My engagement story isn’t typical, but the story of my engagement is: I fell in love with a man, and he loved me back.
My engagement story is a practical one. It wasn’t in a restaurant, or front of a crowd, or on a holiday. It happened on a Wednesday, at about 7:30am, in the middle of our living room. It is a small living room, in a rented Stockwell flat. It is full of laundry, most days. There is more couch than there is floor space. There are half-full bottles of spirits and books on the shelves, and a lurid rainbow frog painted on canvas on the wall. He is not even a unique frog; when I was walking through Central Park in September, his twin stared out at me from behind his thickly-painted black glasses, hung on a stall at the side of the path. It was comforting, I thought: my boyfriend might be sitting underneath our own rainbow frog at this very minute.
My boyfriend is now my fiance, because a few months ago my sister and I started having conversations about rings. We would send links back and forth. She is smart, and kind, and knows me well, and did her best to send me links to rings she thought I’d like, although our tastes in jewellery are very different. I am tacky, I am oversized. The ring I chose in the end is red, with six tiny diamonds. She said, “It looks like candy.” It does. I said, “I like candy”. I do.
I am surprised when I think about how some long-term relationships come with surprise engagements. My engagement, the fact of my boyfriend wanting to marry me, and being confident that I wanted him to, was not a surprise at all. We talked about it drunk, four years ago on a train. We were going to his 24 year old cousin’s wedding that weekend. He said “I don’t want you to think that I don’t want to marry you just because I haven’t asked you. I want to ask you when I’m ready.” A couple of years after that, drunk, in the same living room where he would propose, under the same rainbow frog, he said, “When would you like me to propose?” I said, “This year, I think.” He said yes, and so really we were promised then, it was finished then.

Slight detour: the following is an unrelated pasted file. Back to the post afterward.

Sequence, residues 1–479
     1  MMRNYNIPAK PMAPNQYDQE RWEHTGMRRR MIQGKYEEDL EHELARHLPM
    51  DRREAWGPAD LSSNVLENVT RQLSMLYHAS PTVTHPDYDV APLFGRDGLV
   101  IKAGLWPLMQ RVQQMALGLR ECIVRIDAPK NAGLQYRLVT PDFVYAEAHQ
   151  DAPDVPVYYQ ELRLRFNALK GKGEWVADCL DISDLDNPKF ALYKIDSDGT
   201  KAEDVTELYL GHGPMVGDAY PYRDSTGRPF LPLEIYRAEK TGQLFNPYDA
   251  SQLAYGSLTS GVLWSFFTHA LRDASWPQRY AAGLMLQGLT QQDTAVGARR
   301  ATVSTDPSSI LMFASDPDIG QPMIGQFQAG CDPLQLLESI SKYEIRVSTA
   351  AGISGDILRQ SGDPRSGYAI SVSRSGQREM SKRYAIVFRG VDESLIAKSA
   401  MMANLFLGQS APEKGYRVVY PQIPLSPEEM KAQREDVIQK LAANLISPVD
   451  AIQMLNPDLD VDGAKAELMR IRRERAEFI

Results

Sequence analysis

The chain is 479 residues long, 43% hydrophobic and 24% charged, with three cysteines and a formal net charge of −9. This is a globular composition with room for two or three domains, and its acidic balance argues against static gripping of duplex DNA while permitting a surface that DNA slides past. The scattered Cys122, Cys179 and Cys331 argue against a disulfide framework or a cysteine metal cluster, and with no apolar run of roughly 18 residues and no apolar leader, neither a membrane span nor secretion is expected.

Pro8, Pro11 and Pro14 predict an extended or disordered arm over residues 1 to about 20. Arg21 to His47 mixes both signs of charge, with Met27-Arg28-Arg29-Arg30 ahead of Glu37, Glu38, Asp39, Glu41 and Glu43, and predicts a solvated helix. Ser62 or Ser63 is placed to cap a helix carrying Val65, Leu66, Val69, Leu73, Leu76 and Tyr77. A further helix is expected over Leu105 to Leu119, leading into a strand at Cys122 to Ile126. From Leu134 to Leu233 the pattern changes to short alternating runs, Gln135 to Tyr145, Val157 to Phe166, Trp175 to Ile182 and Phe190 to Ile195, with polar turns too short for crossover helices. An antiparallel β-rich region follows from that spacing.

I changed the deadline later, when it got to December and he hadn’t proposed. I was afraid of a New Year’s Eve proposal, rightly, I think, because he leaves most things to the last minute. He lives life right up to the deadline. I am the girl who wrote her university essays two weeks before they were due. In the first week of December, I said, hurriedly, “You have to do it before Christmas.”
I found the ring I loved by Googling “Unusual engagement rings” and navigating the internet from the first Elle listicle I landed on. I do not think of myself as quirky, or unusual, but I knew what I didn’t want: a big, benign anonymous diamond. That ring belongs to someone else. It goes very well with the church wedding and the white dress and the high heels and the rigid up-do and the expensive flowers that I also do not want.
He knocked on the bathroom door when I was in the shower. I was taking an unusually long time because I had slept with a hair treatment in, and it takes a few goes to get the goo out. I am very blonde and my hair is very broken; I have what my hairdresser has refrained from calling “a chemical mullet”. I also have some grey hairs – I know this because the last time I went to the hairdresser I asked him if I had any, and he said “I’ll tell you if I spot any”, and I said “You’re lying,” and he smiled because he was lying.
“Come into the lounge when you’re done,” he shouted through the door.